Considering allergy is the most chronic disease in Europe with a huge 44% of British adults now suffering from at least one (Allergy UK), I think it’s nuts that only the bare minimum is being done to ensure the safety of people living with food allergies.
In the wake of the tragic case of 15-year-old Natasha Ednan-Laperouse, who died from an allergic reaction to sesame that wasn’t listed as an ingredient on a Pret a Manger baguette, there have been calls for further changes to UK food labelling regulations.
Theresa May (although whether she will still be in office within the week is debatable at time of writing) has stated that she would look again at food labelling and the “responsibility of individual companies” in these such cases.
As food to go, delis and hot takeout concepts continue to blur the lines between retail and foodservice, wholesalers – including those who are members of the Country Range Group – are now on the allergen frontline. They are being asked to provide accurate allergen information and have to spend considerable resources collecting this data and, most importantly, keeping it up to date.
The correct information is vital so operators across retail and foodservice can have confidence in what they are selling, communicate allergens effectively and build absolute trust with consumers. After all, this is a matter of life or death.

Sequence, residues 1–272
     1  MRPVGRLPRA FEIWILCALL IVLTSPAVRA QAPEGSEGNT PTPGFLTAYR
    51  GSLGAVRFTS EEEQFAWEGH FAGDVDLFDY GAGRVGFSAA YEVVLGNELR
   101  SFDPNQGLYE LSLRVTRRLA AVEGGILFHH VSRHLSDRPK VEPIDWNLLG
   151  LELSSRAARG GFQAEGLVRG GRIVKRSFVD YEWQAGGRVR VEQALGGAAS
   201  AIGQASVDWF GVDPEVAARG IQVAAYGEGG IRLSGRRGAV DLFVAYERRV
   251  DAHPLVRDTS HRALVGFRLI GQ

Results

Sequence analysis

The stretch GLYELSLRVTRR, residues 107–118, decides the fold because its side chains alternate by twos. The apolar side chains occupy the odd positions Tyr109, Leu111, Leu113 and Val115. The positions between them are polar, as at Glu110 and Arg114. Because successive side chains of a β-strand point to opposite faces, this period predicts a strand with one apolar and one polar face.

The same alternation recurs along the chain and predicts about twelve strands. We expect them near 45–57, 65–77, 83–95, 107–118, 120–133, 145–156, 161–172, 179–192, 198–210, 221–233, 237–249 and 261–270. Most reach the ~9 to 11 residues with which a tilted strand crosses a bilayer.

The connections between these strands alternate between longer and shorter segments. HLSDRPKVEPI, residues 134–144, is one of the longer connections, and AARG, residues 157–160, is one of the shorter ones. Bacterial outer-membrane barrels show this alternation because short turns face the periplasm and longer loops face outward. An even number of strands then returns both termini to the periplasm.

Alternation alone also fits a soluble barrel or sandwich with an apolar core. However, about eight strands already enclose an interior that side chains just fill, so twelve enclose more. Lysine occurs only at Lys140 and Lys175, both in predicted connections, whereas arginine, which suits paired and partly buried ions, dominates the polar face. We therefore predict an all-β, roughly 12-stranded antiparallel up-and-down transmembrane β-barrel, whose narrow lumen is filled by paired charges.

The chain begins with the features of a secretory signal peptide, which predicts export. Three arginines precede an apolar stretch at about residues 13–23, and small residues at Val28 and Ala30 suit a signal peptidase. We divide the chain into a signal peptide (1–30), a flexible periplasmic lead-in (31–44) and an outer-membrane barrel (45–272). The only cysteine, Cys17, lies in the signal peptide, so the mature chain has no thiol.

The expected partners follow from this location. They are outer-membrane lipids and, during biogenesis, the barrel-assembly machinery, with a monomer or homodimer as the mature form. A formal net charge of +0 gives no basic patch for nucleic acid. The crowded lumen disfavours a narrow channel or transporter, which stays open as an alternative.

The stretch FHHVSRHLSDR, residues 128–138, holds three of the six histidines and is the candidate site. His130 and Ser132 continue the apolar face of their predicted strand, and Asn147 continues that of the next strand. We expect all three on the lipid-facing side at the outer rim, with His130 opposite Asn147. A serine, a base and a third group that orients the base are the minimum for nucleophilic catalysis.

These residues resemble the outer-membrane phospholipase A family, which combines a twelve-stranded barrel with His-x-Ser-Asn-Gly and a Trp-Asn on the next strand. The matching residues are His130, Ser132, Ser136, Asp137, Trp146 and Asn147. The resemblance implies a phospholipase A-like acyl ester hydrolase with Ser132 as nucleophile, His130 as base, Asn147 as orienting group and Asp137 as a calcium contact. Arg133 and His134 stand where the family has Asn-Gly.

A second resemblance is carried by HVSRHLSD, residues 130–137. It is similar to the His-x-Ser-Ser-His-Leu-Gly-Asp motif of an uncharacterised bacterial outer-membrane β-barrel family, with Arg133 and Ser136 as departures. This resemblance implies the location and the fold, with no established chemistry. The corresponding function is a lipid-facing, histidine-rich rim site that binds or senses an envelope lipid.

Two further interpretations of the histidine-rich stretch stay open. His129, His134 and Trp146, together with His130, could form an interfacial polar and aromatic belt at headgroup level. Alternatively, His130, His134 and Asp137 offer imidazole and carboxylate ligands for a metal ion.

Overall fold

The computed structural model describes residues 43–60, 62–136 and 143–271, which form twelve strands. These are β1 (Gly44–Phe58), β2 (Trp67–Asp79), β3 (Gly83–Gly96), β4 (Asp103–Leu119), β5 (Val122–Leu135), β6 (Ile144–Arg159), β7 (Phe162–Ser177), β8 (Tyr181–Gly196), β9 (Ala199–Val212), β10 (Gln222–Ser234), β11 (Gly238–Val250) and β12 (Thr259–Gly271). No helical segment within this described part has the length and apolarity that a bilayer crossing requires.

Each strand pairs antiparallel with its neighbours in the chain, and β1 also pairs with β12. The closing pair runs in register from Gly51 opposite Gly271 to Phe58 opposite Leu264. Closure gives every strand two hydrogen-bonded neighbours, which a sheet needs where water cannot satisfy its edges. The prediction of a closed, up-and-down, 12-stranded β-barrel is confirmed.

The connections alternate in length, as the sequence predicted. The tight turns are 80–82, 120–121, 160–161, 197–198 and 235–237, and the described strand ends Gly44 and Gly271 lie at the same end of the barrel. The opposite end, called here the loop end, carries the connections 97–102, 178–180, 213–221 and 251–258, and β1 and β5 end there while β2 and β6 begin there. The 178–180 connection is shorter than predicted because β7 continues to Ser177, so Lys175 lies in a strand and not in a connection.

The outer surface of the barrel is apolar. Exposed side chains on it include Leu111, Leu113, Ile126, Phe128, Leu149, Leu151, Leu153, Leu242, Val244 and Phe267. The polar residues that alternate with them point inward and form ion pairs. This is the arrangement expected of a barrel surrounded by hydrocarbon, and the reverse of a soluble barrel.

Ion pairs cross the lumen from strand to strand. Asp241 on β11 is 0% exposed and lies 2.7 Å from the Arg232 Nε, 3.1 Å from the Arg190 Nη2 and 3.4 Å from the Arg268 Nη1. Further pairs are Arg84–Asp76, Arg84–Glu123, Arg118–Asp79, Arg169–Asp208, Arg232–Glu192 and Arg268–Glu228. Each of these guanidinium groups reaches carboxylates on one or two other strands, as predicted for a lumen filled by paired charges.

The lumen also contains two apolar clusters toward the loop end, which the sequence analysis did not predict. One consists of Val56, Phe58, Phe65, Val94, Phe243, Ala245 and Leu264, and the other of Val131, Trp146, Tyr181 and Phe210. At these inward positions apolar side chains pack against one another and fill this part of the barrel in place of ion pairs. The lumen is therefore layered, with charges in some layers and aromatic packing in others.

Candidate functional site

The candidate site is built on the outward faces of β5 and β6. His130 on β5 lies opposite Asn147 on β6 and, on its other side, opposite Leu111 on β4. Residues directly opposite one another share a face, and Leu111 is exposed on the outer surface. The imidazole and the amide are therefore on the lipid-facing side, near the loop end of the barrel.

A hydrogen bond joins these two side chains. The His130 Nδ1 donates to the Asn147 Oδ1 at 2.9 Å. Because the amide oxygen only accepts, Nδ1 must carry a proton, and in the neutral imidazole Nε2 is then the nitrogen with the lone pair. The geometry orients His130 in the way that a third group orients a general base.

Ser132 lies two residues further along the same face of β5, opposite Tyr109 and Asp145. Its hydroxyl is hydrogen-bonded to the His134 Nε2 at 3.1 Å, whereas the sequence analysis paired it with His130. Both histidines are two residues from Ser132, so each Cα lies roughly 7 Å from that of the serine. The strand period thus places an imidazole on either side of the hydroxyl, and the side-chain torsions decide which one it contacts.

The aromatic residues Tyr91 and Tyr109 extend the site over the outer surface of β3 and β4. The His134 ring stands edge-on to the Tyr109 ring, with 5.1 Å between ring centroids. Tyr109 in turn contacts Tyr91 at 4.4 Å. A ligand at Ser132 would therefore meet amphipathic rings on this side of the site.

I believe the responsibility for allergen data has to rest with food and drink manufacturers and the brands themselves. After all, they’re the only ones who can definitively confirm what is in the food and drink they produce.
I would like to see a requirement for them to sign up to a code of practice to maintain allergen data on an industry-recognised database, ensuring all changes to product recipes are immediately updated and accessible.
Erudus, a collaborative data service for the food industry, has been trying hard to create such a database, but without support from the government, the FSA and the entire wholesale community, there is not enough pressure on food suppliers to get involved.
As a Federation of Wholesale Distributors council member I have been pushing hard for our industry body to lobby government, as well as wholesalers and manufacturers, to support one industry solution. It is up to the FWD, Defra, the FSA and other trade associations such as the FDF to agree and implement one single point for critical allergen information.
This needs to happen very quickly, before more tragic but preventable incidents occur.
Coral Rose is managing director of Country Range Group